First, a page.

This is an archived article that was published on sltrib.com in 2016, and information in the article may be outdated. It is provided only for personal research purposes and may not be reprinted.
There is some irony in the passing of Jim Kirkwood, one of Salt Lake City's best-known and most-enduring radio talk show hosts, just two days before the end of a hotly disputed presidential campaign.
"Jim came into radio when it was friendlier," said a longtime colleague, state Sen. Jim Dabakis, D-Salt Lake City. "We were very different in our beliefs, but we could have a discussion without getting angry. We could tease each other and laugh and have a good time, even when we disagreed."
A conservative, Kirkwood trumpeted those views with great passion, said former Rep. Merrill Cook, who also worked with Kirkwood as a K-TALK radio host.
"He studied issues very thoroughly and while he has strong opinions, he could back them up with facts," Cook said. "I appreciated him for many things, and he always was a great supporter of mine during my campaigns."
Kirkwood, who spent more than 40 years in radio, died Nov. 6, just shy of his 75th birthday.
Those who knew him universally agreed that he was always a gentleman and treated his guests with respect. He also loved fun.
"One of the funnest protests I've ever been involved in was when we interrupted the groundbreaking ceremony for light rail on 13th South," said conservative activist and part-time K-TALK commentator Janalee Tobias. "Jim was in the middle of it with me, and we really frustrated [city and Utah Transit Authority officials] with our chants while they were trying to have their press conference."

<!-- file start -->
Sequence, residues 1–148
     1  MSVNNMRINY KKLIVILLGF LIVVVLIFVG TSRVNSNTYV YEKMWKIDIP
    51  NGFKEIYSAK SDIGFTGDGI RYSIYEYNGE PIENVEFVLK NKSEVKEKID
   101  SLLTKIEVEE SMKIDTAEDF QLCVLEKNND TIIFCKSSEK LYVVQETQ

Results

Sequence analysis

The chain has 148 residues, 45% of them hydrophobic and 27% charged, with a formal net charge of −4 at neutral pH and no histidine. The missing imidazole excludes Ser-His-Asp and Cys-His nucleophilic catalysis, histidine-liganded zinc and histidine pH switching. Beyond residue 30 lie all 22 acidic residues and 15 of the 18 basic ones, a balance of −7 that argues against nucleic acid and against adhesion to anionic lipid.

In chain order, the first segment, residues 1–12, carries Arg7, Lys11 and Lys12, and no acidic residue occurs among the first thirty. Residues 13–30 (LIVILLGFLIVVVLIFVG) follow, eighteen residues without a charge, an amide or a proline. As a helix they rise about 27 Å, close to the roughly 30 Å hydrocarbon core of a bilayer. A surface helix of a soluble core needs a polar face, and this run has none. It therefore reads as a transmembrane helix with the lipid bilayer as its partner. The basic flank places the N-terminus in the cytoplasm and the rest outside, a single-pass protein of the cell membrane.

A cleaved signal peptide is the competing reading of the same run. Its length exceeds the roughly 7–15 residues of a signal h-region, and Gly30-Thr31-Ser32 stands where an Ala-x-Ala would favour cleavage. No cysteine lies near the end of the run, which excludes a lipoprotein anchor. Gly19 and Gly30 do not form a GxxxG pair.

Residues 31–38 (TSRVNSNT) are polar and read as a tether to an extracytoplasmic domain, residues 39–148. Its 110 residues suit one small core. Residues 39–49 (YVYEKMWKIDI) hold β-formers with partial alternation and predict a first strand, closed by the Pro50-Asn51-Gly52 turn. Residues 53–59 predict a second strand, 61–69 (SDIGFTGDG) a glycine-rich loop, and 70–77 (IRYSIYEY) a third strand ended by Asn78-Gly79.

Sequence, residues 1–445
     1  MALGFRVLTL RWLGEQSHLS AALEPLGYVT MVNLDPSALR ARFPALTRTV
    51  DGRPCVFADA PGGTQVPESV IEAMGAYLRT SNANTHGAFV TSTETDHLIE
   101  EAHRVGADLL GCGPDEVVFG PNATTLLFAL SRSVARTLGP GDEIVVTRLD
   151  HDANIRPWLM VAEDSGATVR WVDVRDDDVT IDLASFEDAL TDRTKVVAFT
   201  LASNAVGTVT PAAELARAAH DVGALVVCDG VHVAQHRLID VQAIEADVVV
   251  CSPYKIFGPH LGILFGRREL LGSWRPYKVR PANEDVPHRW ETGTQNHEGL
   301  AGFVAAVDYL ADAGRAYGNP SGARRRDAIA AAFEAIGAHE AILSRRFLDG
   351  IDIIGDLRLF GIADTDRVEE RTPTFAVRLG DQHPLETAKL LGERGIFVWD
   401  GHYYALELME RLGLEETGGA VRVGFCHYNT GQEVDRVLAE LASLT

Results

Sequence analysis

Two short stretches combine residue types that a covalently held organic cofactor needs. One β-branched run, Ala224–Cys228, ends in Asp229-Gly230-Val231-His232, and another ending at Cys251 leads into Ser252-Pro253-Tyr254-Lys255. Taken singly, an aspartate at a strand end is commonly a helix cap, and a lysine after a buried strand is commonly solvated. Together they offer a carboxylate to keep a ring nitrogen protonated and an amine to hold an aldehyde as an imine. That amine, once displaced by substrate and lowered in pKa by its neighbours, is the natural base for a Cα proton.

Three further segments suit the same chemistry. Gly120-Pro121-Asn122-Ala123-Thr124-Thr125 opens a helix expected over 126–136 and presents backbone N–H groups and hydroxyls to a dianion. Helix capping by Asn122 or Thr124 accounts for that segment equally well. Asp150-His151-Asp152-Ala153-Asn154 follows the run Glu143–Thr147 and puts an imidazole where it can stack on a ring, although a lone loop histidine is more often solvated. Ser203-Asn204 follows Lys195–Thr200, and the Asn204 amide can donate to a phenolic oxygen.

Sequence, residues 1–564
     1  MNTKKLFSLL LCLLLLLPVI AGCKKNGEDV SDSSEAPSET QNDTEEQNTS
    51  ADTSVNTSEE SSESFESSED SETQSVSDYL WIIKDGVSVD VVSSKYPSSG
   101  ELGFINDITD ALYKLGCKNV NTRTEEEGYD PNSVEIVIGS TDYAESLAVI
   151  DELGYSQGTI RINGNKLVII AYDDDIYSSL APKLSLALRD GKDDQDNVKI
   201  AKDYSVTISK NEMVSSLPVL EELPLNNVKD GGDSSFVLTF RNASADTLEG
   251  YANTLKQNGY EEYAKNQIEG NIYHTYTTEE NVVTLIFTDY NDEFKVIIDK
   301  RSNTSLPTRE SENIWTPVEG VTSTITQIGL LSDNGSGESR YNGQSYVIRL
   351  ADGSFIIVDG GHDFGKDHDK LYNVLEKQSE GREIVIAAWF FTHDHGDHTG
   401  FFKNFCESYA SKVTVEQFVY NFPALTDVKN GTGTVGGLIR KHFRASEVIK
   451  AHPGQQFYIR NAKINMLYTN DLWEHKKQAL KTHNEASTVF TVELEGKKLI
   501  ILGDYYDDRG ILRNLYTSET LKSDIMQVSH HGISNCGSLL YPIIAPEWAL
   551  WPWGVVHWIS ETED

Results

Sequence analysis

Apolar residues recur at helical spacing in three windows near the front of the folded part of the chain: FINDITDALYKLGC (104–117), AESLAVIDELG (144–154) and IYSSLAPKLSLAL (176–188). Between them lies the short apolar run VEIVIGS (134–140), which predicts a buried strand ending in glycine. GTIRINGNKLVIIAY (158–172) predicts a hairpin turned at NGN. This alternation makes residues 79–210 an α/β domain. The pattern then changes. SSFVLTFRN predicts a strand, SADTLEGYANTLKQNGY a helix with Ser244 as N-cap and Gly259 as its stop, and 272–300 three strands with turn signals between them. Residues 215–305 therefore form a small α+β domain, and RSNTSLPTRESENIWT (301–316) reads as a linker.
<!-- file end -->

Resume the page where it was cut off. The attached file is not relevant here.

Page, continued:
Tobias said Kirkwood coined the phrase "don't train on our parade" during the demonstrations.
Her neighbor, an elderly disabled veteran, loved listening to K-TALK and especially Kirkwood, Tobias said. "When [that neighbor] died," she said, "he had arranged to be buried with his radio tuned to K-TALK."
Kirkwood got Utah Eagle Forum President Gayle Ruzicka involved in radio 25 years ago, talking her into co-hosting a program with him one day a week.
Kirkwood eventually left K-TALK because he was busy with other business ventures, primarily as a tax preparer. Then, a few years later, Ruzicka persuaded Kirkwood to come back to K-TALK, where he hosted his show until his death.
"His show was never harsh," Ruzicka said. "He had strong beliefs, but it wasn't angry. He was a very kind man."
A eulogy on K-TALK's website said Kirkwood "loved the people in his audience."
"They were not just voices to him, but personal friends who he was interested in and cared about," it said. "He had the rare ability to maintain friendships even with those he disagreed with."
That's a far cry from the less-than-civil discourse that sometimes passes for many of today's political debates.
The statement said that plans are being considered to host a party in a few weeks "to celebrate his life and share memories, for friends, family, radio listeners and anyone else whose life, in one way or another, Jim has touched."